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Author Topic: Is this the linear equivalent of a crop circle ?  (Read 5494 times)

Offline RD

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Is this the linear equivalent of a crop circle ?
« on: 20/10/2009 17:14:22 »
i.e. is this phenomenon a prank ? ...



Quote
The sailing stones (sliding rocks, moving rocks) are a geological phenomenon where rocks move in long tracks along a smooth valley floor without human or animal intervention. They have been recorded and studied in a number of places around Racetrack Playa, Death Valley, where the number and length of travel grooves are notable. The force behind their movement is not understood and is subject to research.
http://en.wikipedia.org/wiki/Sailing_stones


I suppose it may be possible that tremors could cause a ridged stone to move in a straight line like a bristlebot ...

 
« Last Edit: 20/10/2009 17:19:12 by RD »


 

Offline Bass

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Is this the linear equivalent of a crop circle ?
« Reply #1 on: 20/10/2009 22:04:13 »
I've been to Racetrack Lake (Playa) and seen the tracks- they are real.  My guess is that the floor of the playa becomes slick with just the right amount of moisture and that winds (which can blow you over at times there) then push the rocks across the slick surface.
 

Offline JimBob

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Is this the linear equivalent of a crop circle ?
« Reply #2 on: 21/10/2009 02:41:26 »
Again, the Mountain Man comes through with the right answer.

I just wish he would take a bath more than once a year. I can smell him in Texas!
 

Offline Bass

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Is this the linear equivalent of a crop circle ?
« Reply #3 on: 21/10/2009 06:06:26 »
Again, the Mountain Man comes through with the right answer.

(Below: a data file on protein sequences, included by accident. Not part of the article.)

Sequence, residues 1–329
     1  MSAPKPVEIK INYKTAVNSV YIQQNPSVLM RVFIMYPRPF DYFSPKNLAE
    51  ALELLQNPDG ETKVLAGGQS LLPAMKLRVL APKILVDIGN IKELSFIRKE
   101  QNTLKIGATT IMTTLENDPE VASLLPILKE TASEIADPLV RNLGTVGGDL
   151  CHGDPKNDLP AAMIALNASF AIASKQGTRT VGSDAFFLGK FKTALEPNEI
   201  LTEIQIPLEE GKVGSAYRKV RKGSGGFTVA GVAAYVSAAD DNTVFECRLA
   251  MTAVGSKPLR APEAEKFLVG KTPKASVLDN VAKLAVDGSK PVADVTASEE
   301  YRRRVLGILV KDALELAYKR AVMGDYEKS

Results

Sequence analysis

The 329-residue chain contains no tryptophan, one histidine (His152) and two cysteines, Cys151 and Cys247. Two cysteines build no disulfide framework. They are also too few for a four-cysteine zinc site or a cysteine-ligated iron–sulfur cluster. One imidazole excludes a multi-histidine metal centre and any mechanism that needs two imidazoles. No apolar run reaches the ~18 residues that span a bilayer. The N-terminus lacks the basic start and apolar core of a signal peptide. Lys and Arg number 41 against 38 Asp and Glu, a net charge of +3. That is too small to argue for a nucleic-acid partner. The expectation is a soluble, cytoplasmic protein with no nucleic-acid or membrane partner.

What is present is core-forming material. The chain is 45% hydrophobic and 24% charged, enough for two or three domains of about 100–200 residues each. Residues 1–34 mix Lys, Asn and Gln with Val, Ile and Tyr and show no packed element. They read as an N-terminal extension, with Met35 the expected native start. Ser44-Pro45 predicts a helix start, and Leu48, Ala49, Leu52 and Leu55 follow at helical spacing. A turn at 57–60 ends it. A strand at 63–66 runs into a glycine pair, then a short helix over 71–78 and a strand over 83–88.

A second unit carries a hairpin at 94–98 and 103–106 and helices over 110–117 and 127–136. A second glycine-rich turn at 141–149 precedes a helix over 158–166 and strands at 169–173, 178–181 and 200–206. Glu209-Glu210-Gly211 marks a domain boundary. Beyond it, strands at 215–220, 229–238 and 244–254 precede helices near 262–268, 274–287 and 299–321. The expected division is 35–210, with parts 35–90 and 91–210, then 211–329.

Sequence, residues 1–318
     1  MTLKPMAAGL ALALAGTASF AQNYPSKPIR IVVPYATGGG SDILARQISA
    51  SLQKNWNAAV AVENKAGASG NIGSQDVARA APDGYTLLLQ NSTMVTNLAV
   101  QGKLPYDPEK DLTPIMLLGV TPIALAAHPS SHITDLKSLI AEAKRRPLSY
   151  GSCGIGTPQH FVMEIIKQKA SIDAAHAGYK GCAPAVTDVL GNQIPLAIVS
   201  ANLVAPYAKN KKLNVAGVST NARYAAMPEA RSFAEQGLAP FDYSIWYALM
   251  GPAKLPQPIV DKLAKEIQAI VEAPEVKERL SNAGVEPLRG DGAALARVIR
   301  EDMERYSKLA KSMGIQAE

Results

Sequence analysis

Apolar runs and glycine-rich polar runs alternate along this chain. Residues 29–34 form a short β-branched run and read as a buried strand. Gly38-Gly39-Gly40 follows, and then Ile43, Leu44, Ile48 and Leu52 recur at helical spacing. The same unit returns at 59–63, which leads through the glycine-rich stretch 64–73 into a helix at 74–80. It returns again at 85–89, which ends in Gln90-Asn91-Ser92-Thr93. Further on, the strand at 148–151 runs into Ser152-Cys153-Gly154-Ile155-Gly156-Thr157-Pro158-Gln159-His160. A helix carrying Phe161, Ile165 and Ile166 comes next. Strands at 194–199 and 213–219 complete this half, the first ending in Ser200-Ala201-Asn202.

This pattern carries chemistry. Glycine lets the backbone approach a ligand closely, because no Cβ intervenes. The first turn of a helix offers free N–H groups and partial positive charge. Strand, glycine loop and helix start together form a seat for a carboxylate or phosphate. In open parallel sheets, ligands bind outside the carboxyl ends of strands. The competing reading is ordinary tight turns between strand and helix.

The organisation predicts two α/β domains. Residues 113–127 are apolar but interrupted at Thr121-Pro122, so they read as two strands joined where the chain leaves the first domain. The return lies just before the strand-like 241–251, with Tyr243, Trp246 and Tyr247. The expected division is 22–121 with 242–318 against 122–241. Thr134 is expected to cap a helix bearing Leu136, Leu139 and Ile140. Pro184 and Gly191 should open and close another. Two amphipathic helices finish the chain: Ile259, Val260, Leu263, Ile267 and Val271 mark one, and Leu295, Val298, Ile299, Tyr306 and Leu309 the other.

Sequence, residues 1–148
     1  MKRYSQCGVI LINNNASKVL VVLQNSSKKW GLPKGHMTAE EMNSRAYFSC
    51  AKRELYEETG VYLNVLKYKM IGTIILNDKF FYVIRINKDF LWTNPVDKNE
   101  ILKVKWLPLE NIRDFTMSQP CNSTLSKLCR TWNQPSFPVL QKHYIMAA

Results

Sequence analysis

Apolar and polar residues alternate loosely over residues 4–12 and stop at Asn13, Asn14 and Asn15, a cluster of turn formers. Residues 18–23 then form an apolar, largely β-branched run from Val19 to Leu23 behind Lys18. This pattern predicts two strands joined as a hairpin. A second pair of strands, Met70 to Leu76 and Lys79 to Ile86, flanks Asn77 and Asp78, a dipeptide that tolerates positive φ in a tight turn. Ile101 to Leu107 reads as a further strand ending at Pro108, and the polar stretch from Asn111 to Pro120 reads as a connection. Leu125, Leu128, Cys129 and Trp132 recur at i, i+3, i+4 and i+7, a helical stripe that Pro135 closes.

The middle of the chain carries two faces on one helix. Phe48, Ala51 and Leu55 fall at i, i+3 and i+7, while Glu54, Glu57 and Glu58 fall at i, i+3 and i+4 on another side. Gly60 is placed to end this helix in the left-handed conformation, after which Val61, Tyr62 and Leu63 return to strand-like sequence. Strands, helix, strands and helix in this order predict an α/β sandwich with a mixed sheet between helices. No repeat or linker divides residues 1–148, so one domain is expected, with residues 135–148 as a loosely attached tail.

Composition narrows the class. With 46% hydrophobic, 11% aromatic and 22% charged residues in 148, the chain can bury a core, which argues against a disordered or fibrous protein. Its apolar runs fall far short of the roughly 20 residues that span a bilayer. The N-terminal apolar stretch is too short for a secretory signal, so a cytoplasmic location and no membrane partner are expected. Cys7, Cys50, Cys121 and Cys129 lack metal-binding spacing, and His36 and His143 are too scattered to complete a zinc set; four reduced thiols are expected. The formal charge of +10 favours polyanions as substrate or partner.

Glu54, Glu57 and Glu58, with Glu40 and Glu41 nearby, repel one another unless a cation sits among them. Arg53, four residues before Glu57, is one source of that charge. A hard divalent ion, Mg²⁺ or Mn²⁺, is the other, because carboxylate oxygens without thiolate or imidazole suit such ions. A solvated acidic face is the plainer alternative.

I just wish he would take a bath more than once a year. I can smell him in Texas!


AHHH! The smell of money!

don't want to wash all that gold off
 

Offline LeeE

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Is this the linear equivalent of a crop circle ?
« Reply #4 on: 21/10/2009 21:35:51 »
These stones are fascinating and I first read about them about twenty years ago.

FWIW, I don't think that they are moved by the force of the wind at all.  This is because they are effectively sitting in a shallow pit/trench below the surrounding ground level, and the sides of the tracks they leave have raised edges.  This seems to mean that two factors need to be addressed: the stone needs to be pushed uphill, against gravity, and it also needs to force aside at least some of the clay in front of it to leave the raised edges.

It is interesting to note that in the full-size version of the photo from the wiki article, shown above (link below):

http://upload.wikimedia.org/wikipedia/commons/c/cb/Death_8_bg_082303.jpg

...the size of the 'tessellated' polygon divisions (there's probably a proper term for them but I don't know what it is) in the track are much larger than on the surrounding surface.

Also, in another picture in the wiki article: